Wednesday, March 24, 2021

deus ex machina


I've become fond of this phrase: deus ex machina

Like some, the first time I heard it was from the 2014 movie, titled the same: Ex Machina — an interesting film, but didn't make my favorites list. The second time I heard the phrase was reading the book I, Robot by Isaac Asimov. I believe the character, Susan Calvin, mentioned it as a pun.

Fascinated by the phrase, I wanted to get the true meaning. The translation from the internet is 'god from the machine' —which seems pretty bitchin'. It goes on to state that it "is a plot device whereby a seemingly unsolvable problem in a story is suddenly and abruptly resolved by an unexpected and unlikely occurrence. Its function can be to resolve an otherwise irresolvable plot situation, to surprise the audience, to bring the tale to a happy ending, or act as a comedic device." 

Wiki goes on to say: "The term was coined from the conventions of ancient Greek theater, where actors who were playing gods were brought onto stage using a machine. The machine could be either a crane used to lower actors from above or a riser which brought them up through a trapdoor. Aeschylus introduced the idea, and it was used often to resolve the conflict and conclude the drama. The device is associated mostly with Greek tragedy, although it also appeared in comedies."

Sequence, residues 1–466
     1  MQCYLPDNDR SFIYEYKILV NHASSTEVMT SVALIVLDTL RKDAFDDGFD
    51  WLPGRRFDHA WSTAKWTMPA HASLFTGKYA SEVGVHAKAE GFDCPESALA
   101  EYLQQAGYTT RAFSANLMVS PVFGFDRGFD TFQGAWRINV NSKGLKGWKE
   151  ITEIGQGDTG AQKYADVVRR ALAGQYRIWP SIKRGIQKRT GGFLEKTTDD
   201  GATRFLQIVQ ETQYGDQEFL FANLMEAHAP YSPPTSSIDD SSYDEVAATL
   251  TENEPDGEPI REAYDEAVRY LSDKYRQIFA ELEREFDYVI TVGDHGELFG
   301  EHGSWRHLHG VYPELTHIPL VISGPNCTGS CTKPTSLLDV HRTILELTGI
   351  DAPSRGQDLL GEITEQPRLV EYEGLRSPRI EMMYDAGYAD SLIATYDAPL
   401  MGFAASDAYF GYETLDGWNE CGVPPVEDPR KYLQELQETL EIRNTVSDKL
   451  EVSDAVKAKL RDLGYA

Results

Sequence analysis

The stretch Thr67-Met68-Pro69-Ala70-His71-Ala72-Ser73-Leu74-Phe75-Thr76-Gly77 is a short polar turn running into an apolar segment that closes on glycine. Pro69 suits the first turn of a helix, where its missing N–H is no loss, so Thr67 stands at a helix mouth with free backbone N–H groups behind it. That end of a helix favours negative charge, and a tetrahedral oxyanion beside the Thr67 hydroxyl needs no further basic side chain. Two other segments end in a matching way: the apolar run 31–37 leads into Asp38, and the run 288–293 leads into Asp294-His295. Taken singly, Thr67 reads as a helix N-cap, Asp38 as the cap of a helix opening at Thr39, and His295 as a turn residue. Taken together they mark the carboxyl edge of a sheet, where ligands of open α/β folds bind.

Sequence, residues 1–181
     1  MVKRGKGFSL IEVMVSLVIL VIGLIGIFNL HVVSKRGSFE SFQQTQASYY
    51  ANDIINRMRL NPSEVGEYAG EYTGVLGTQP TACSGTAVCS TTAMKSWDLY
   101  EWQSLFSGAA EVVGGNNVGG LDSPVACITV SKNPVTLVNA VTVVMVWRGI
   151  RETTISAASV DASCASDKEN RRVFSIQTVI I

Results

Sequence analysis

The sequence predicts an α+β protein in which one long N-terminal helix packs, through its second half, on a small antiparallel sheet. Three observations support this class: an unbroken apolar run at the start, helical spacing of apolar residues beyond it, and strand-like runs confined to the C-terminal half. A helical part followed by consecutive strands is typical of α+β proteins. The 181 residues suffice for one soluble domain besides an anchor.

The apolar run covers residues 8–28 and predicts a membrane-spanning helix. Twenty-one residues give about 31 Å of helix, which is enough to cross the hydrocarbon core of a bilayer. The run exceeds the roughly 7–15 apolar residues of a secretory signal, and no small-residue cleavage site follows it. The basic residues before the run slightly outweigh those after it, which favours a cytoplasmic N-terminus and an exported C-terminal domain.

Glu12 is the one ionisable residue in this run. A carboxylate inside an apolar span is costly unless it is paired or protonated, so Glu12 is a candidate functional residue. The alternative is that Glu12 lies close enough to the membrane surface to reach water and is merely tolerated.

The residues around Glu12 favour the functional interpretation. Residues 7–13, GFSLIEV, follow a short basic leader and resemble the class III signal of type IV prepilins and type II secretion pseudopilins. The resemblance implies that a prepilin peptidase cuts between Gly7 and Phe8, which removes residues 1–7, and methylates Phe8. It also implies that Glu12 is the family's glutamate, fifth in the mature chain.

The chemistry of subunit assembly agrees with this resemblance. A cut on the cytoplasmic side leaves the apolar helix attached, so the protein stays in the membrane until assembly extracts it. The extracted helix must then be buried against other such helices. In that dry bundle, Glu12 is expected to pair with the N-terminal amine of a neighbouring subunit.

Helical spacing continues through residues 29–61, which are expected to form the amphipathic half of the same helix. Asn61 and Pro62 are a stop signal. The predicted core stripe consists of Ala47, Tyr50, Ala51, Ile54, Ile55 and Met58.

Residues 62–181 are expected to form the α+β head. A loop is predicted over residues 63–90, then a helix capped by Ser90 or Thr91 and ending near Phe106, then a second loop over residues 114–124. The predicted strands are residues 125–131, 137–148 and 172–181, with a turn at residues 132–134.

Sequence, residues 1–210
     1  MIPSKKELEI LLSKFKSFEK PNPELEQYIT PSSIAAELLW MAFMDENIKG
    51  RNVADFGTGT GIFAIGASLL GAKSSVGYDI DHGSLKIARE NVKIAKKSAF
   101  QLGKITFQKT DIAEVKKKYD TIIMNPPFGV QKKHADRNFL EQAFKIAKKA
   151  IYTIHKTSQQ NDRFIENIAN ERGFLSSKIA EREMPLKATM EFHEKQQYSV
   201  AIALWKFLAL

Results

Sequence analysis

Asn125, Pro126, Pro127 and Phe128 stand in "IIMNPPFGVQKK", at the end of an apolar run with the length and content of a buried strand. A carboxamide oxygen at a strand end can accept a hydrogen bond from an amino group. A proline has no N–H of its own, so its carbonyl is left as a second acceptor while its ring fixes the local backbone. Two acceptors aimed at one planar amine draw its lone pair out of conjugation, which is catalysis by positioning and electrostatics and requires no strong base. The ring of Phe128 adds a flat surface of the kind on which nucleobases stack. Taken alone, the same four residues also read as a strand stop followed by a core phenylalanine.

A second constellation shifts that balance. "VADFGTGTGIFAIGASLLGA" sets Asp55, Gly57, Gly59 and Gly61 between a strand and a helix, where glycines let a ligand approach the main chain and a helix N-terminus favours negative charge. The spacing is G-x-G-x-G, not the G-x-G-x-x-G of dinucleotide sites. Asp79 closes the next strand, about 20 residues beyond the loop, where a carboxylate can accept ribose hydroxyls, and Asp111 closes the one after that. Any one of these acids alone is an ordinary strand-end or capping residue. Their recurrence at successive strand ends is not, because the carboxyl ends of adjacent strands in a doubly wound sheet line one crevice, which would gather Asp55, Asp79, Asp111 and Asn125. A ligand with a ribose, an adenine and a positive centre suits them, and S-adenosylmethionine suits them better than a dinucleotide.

I like the idea of an abrupt and unlikely resolution to an unsolvable problem. Sometimes, when I draw robots, I try to think of them in situations where they resolve conflict or find opportunity to create solutions. Ultimately, my goal is to give a slight nod to the idea of deus ex machina, and build a better narrative in my work. 

In social media, I'm going to try and hashtag my robot sketches with this phrase. Right now, some fashionable motorcycle clothing company—who uses the phrase as their name—is using it, which I feel is way out of context. 

My goal will be to take it back for the machines. 

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